Documentary photography in the 1930s : Reflections on James Agee and Walker Evans' "Let us now praise famous men" and Erskine Caldwell and Margaret Bourke-White's "You have seen their faces"
by Hans Durrer

Left: Like this one, all photographs illustrating this article, are from the FSA project "Let Us Now Praise Famous Men"

Imbuing fact with feeling. The term documentary was coined in the late 1920s by the British film maker John Grierson, and stands for the truthful depiction of reality while at the same time imbuing facts with feeling. It is "an approach that makes use of the artistic faculties to give vivification to facts" as Walt Whitman defined the place of poetry in the world. In the words of Walter Sussman: "... the whole idea of documentary — not with words alone but with sight and sound — makes it possible to see, know, and feel the details of life, to feel oneself part of some other's experience."

Documentary, despite it sounding rather soulless, signifies the primacy of feeling over fact, and consists, essentially, of a deeply humanistic take on the real world, for, as Stott pointed out: "A document, when human, is the opposite of the official kind; it is not objective but thoroughly personal." Yet the purpose of documentary photography was to reach beyond the self, its intention was, as Dorothea Lange and Paul Taylor explained, "to let the subjects, the living participants of a social reality, speak to you face to face. Having looked at a documentary book, you could no longer be ignorant of them. You had seen their faces."

In 1929, the stock market crashed, and in the 1930s the Great Depression held America in its grip. Unemployment in 1933 approached 48 million, skilled and unskilled workers were affected, and no group was exempt from wage reductions. Persistent drought and misuse of land forced families to migrate from the heartland to the west in search for jobs and arable land. One of the projects that the Roosevelt government brought under way was the Resettlement Administration, a division of the Department of Agriculture. Its goal was "to revitalize a number of existing farm relief and housing operations," and to alleviate suffering "by providing resettlement loans to farmers and work programs for the urban unemployed."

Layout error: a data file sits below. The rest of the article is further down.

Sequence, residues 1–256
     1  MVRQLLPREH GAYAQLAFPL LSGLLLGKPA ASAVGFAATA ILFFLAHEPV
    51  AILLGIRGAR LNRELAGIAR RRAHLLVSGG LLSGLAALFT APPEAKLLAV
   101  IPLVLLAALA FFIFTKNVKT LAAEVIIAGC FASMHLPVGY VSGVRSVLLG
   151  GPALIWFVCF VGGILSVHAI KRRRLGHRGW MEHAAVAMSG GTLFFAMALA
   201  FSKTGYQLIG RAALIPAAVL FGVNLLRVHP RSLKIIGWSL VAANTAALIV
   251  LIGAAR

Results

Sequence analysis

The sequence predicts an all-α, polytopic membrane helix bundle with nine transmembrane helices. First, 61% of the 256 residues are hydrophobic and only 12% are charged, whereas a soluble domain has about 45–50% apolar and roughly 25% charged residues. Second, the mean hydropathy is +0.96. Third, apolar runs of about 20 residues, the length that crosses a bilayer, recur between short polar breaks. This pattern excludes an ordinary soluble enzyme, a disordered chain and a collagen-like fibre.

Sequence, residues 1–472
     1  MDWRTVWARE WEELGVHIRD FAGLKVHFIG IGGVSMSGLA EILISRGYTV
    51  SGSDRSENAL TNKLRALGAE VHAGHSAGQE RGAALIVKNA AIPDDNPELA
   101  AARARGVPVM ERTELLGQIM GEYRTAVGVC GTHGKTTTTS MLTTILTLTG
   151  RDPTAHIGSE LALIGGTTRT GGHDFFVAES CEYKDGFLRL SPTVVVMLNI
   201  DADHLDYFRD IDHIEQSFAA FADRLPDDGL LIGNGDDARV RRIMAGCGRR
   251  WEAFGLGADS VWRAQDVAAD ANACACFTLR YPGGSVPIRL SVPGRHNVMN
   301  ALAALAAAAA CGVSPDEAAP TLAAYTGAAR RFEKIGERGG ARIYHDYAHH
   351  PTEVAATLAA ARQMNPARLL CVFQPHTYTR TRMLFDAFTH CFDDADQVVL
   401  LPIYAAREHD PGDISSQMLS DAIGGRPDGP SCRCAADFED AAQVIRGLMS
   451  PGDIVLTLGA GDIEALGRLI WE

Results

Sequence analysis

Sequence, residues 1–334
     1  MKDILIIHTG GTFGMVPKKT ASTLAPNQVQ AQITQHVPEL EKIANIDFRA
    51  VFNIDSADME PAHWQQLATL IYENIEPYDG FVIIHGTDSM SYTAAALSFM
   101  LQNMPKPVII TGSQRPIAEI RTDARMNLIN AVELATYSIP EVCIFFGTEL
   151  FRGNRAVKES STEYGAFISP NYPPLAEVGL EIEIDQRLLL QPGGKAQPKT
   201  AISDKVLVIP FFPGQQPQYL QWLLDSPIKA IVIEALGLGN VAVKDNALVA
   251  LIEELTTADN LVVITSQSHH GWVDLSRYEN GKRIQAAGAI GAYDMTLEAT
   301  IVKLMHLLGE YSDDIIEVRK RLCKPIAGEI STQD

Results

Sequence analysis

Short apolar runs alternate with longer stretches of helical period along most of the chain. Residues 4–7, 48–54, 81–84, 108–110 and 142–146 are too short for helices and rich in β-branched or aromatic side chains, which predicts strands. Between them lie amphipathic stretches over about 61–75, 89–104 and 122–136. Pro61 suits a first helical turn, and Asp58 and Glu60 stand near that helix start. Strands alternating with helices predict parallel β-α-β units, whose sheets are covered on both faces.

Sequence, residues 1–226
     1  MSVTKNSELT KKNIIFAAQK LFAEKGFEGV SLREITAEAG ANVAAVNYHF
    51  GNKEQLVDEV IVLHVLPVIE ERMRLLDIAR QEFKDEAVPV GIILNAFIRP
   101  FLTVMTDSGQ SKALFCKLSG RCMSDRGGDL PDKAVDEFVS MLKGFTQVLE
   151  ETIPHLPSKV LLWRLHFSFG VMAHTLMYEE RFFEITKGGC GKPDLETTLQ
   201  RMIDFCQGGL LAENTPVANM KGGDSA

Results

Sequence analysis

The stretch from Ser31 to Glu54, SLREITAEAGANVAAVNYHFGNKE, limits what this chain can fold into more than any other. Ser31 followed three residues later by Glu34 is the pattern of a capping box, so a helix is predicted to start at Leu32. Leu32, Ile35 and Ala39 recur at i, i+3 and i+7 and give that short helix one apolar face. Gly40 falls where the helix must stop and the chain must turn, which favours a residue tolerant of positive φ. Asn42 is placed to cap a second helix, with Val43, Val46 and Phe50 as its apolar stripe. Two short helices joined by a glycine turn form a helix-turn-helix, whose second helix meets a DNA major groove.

The FSA project. The Historic Section of the Resettlement Administration, later the Farm Security Administration (FSA), started the most ambitious photographic project of that period — and one of the most ambitious of all time. As Rosenblum explains: "The project represented the New Deal's understanding that a visual documentation of conditions of work and life faced by farmers who suffered the calamities of drought and economic depression, and were in the process of being driven permanently from the land, was required to justify Federal expenditures for relief projects. Eventually in response to Congressional displeasure at the depiction of unrelieved poverty, photographers were directed to portray more positive aspects of the national experience."

In 1936, Fortune magazine decided to send its reporter James Agee to the South to portray a white tenant farmer and his family. This was exactly the kind of work that got Agee excited. He had been on the brink of resigning from the magazine because he "was growing bored with his assignments on such lifeless topics as glass, jewelry and Colonial Williamsburg," yet this assignment made him postpone leaving. He had only one request, he wanted the FSA photographer Walker Evans to accompany him to take the pictures.

The task the FSA photographers were confronted with was not only to document agrarian distress, for behind it lay the "... larger issues of meaning and identity. Moreover, they were being asked to consider and to portray people, especially in the South, who had already been effectively typecast as hopeless cases," writes Jeffrey. In the words of Greil Marcus: "In some ways they — the tenant farmers — lived like peasants on latifundios in El Salvador today; in almost every way they did not live in the United States as, even during the Depression, it was commonly understood. Living at the very margins of the economy, they were all but outside of history."